Le Triomphe de la République

2 May: Le Triomphe de la République is an interesting sculpture, representing the victory of French Republic, a victory that is driven by the population (represented by the lions pulling the chariot), surrounded by Justice, Peace, Labour and Wealth, and not forgetting the importance of Education too. Situated in the centre of a roundabout, the garden surrounding the statue is blooming beautifully with multi-coloured flowers and makes a good lunch-break spot.


3 May: Right next to the entrance/exit of the Cité métro station is a market, reserved for the trade of flowers and birds (and other small pets). The florists are there daily whereas Sunday is the day where birds and small animals make their appearances. On a nice day, passing by the market doesn’t only guarantee an explosion of colours but also of scents wafting from the blooms, ever so seductively pulling people over to perhaps buy a bouquet, or a pot or two, of flowers.

Potatoes from Noirmoutier

4 May: These are no ordinary potatoes. Harvested by hand in the isle of Noirmoutier, they have been cultivated in conditions that quality can be tasted in the potatoes themselves – earthy yet slightly salty. La Bonnotte variety is the most delicate among those planted in Noirmoutier, and the price tag reflects the work put into its cultivation. F bought some today and already we prepared a simple warm potato salad this afternoon for lunch. By making it without too much vinaigrette or other condiments, we really get to taste the potato as it should, nutty with just a hint of delicate saltiness. It is incredibly easy to eat more of them in comparison to other potato varieties.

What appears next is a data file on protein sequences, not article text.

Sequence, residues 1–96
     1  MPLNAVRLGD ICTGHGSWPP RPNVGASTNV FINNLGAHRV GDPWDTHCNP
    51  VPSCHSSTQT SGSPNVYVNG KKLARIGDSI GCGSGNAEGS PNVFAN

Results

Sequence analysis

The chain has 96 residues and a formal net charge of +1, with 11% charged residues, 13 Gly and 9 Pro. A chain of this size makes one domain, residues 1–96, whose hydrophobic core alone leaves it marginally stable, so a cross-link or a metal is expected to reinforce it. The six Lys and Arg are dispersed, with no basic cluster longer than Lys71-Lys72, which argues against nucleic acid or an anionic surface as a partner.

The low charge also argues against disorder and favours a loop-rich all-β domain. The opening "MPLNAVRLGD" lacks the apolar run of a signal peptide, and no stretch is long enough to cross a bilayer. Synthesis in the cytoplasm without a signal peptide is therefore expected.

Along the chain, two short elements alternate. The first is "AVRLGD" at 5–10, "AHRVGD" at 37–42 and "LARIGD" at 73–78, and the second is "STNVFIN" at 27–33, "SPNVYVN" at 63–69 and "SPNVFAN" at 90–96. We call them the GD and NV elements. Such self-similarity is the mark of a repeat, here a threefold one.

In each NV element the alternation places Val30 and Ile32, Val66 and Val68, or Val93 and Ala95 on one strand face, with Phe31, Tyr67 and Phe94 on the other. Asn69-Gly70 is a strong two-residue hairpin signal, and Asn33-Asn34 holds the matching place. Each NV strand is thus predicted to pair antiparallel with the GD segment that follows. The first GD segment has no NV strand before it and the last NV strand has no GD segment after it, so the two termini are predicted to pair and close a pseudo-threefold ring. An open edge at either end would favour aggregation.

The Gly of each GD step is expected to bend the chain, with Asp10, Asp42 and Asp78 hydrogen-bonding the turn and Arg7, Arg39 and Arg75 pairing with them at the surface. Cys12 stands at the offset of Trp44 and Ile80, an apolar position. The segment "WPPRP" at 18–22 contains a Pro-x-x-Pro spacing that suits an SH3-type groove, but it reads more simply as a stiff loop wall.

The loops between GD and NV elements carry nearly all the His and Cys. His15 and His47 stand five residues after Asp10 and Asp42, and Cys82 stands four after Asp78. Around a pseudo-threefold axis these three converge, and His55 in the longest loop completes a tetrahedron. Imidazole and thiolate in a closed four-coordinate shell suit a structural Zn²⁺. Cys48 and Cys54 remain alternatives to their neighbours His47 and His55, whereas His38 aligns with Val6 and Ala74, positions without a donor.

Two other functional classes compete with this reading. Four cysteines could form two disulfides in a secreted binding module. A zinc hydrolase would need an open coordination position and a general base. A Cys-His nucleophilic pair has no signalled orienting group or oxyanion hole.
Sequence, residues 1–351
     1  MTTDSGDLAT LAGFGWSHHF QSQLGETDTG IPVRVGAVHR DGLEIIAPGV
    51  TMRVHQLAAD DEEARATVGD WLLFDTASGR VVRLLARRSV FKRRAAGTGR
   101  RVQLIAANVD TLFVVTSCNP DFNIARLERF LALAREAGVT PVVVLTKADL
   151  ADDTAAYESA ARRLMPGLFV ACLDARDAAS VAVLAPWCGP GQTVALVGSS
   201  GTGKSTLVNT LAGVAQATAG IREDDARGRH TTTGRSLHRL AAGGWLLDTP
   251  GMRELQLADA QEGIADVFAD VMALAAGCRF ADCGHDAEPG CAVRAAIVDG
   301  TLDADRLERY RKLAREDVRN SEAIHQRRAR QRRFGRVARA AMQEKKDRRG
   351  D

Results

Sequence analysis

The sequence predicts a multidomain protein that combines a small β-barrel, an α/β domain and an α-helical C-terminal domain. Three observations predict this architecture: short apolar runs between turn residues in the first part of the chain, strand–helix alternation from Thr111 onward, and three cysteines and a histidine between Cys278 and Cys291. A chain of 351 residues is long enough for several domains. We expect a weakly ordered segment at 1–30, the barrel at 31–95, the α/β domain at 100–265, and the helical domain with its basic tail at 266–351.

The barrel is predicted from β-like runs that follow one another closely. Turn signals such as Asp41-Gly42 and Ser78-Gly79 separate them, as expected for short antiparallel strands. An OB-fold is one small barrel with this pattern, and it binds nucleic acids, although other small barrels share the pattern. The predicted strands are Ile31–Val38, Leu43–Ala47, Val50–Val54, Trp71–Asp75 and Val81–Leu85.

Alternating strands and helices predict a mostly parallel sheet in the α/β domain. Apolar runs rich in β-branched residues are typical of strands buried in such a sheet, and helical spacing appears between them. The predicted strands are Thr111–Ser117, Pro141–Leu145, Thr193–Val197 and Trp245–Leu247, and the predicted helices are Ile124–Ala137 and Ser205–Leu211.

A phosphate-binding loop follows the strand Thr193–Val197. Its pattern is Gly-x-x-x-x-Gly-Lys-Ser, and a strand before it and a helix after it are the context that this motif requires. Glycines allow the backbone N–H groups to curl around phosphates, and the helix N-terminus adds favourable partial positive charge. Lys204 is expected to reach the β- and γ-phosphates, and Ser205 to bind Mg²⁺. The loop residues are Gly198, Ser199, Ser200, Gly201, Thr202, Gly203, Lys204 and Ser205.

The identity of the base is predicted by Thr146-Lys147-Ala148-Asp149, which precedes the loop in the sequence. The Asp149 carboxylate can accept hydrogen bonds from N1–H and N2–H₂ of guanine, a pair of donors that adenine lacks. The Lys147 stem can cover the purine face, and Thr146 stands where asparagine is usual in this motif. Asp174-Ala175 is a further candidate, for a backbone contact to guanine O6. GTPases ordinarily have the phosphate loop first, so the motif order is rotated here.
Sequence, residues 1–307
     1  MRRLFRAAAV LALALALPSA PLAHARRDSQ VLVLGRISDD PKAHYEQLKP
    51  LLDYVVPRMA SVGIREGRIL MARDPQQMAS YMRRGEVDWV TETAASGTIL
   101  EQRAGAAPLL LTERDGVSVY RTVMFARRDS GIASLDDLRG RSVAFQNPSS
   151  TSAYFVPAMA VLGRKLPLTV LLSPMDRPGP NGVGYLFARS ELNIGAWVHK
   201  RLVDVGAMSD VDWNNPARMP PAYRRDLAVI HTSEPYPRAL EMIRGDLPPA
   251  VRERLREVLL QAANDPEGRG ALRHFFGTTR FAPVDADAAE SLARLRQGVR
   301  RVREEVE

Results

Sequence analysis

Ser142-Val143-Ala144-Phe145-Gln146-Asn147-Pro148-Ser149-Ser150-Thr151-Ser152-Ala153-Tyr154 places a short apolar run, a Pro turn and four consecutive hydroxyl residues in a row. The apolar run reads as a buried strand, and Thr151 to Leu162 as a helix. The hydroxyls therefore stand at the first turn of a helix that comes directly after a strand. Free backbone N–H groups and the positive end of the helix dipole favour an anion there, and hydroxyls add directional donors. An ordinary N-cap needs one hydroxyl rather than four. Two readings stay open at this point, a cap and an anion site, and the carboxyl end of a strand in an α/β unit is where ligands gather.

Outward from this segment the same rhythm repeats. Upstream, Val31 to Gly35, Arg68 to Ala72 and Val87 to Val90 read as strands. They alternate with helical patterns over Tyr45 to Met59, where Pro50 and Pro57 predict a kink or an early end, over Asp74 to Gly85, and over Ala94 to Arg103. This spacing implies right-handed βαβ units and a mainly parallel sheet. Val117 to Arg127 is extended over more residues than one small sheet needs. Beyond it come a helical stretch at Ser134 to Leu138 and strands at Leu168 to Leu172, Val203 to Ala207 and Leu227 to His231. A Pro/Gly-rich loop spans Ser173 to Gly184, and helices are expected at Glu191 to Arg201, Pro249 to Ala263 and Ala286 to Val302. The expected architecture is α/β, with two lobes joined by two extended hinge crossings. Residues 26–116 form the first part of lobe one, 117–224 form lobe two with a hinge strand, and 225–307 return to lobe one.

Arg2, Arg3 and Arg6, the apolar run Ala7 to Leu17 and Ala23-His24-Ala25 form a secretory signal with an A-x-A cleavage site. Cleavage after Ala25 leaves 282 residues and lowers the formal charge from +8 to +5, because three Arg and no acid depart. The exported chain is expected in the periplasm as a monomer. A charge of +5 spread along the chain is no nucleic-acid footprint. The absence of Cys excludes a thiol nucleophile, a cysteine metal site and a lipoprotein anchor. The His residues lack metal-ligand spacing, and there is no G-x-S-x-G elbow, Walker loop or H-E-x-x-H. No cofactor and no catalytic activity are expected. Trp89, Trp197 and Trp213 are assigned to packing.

La Pagode

5 May: When I was sick during the week, I was less amenable to the suggestion of sitting through movies at the cinema. We caught up a little this weekend, and today we went to La Pagode to see Mud, starring Matthew McConaughey. I like this cinema for its unique setting: an ancient Japanese Pagoda which has seen its days as dance-hall is now used as theatre/cinema. It retains its highly stylised architecture, and in the Japanese garden, one could stay for some tea and to chit chat. It is a somewhat hidden spot, and totally delightful to discover.